by Codrina Ibanescu
What does our collective future look like, with the current climate crisis on the horizon? Moreover, what role does education play in advancing climate solutions to ensure a prosperous and sustainable future for tomorrow? We simply cannot solve today’s problems using yesterday’s thinking – the future of our youth and our planet requires intergenerational, inspirational and innovational thinking.
The climate emergency is rapidly intensifying, and if informed action is not taken now, it will result in an increase in global temperatures. According to the latest IPCC report, 234 scientists from 66 countries highlight that the Earth and climate has warmed at an unprecedented rate, and furthermore, in 2019 atmospheric CO2 concentrations were at a higher point than they have been in the last 2 million years (UN News, 2021). The United Nations chief has responded by stating “Inclusive and green economies, prosperity, cleaner air and better health are possible for all, if we respond to this crisis with solidarity and courage” (UN News, 2021). I believe that this is an especially important topic right now, as the climate emergency is ongoing and furthermore, youth will be the leaders of tomorrow who will be responsible for the sustainability of our planet.
Given the highly complex nature of the climate crisis and its repercussions, it is necessary that we reconsider education, the dissemination and decentralization of knowledge/wisdom, and moreover, that we harness inspirational and innovative approaches that can assist in shifting the human mind and heart towards empathy, compassion and reciprocity rooted in biocentrism. The Climate Solutions Park is an inspirational showcase which will empower the youth of today to fight for their future, and importantly, to feel that their sense of meaning, purpose and professional development are tied directly to greater climate solutions impact that this purpose-driven project aims to pursue.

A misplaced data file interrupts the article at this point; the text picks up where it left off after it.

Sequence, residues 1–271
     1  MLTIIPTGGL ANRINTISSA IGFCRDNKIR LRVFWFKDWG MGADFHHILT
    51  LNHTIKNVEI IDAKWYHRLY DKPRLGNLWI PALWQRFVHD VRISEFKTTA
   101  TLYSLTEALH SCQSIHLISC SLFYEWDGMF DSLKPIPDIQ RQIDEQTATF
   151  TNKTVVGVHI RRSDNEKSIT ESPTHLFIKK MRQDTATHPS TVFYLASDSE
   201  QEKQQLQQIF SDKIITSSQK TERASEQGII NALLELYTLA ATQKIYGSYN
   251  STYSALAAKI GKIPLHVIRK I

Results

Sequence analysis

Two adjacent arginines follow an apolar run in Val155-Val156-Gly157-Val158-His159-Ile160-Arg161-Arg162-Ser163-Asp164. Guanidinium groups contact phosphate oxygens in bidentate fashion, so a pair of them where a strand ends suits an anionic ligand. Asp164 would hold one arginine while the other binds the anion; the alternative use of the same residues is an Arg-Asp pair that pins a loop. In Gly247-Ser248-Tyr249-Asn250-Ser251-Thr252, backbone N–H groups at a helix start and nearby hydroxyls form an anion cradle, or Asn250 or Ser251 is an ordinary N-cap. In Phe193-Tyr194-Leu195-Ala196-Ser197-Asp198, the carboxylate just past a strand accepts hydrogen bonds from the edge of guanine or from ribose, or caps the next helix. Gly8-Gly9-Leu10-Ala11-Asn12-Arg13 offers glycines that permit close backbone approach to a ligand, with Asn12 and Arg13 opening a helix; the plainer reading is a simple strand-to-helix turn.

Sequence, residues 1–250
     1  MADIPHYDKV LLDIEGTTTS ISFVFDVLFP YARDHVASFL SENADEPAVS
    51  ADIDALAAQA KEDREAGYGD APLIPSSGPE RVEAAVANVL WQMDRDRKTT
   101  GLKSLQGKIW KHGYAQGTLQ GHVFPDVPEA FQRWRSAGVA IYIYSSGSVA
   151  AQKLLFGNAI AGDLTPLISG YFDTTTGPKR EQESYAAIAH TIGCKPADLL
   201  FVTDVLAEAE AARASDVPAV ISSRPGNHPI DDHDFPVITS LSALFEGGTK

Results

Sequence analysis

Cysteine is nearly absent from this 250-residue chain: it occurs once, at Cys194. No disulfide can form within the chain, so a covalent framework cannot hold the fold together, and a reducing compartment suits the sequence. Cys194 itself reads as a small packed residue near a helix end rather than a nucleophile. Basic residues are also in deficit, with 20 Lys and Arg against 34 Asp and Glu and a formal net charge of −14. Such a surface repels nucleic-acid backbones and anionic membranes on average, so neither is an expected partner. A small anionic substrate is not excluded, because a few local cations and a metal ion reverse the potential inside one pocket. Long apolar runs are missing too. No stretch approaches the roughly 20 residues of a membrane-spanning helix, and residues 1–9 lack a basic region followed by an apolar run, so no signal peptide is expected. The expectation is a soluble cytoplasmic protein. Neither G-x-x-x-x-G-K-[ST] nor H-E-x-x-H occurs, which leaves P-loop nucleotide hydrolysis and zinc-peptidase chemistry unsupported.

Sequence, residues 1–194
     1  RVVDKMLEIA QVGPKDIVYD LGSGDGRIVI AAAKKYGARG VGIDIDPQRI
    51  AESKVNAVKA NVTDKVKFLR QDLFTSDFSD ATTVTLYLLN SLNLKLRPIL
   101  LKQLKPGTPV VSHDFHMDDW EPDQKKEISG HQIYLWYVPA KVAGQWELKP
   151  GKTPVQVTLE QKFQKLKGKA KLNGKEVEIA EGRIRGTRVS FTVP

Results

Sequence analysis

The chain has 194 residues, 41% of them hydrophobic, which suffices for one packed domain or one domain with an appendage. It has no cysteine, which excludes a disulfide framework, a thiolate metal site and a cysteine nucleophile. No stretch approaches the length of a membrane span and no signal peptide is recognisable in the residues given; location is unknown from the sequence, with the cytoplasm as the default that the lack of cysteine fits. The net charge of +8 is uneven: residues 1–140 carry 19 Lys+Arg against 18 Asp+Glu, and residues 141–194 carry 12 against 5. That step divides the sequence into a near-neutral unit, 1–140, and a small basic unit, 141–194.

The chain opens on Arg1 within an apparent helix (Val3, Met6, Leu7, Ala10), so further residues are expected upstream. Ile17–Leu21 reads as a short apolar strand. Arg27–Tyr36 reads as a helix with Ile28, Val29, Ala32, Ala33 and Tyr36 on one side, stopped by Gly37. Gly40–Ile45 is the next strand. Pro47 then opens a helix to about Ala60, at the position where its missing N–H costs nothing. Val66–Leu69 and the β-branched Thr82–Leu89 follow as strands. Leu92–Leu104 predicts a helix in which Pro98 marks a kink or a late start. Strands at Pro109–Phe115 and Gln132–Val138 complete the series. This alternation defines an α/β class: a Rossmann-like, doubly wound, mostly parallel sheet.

Can the curation of experiential environmental pedagogy, praxis, regenerative art/design and biosolutions support the development of climate crisis solutions? The focused research topic which I wish to examine and explore is how the curation and praxis of experiential environmental pedagogy, regenerative art/design and biosolutions can support the development of practical solutions to the climate emergency, while concurrently enhancing student engagement that aligns with purpose and community engagement. I aim to explore various approaches to education which have been used to encourage and foster what Robin Wall Kimmerer refers to as a “gift economy” and “reciprocity/gratitude” within the academic community, and moreover, within communities, society and the globe. Kimmerer suggests that “gratitude and reciprocity are the currency of a gift economy, and they have the remarkable property of multiplying with every exchange, their energy concentrating as they pass from hand to hand, a truly renewable resource…to name the world as gift is to feel one’s membership in the web of reciprocity. It makes you happy—and it makes you accountable. Conceiving of something as a gift changes your relationship to it in a profound way, even though the physical makeup of the “thing” has not changed (Kimmerer, 2022). The gift economy is a manifestation and integration of the ways in which Indigenous wisdom and ecological systems can be reimagined as currencies of exchange. As a part of my master’s project, I would like to further the vision of the Climate Solutions Park (CSP) through researching, creating and designing an interactive experiential and inspirational ecological native plant living lab in Penetanguishene, ON, at one of our Climate Solutions Parks locations. It will include native plant gardens and permaculture, an interactive native plant walk, Indigenous medicine gardens, a community hub, geodesic dome technology, renewable energy, and composting.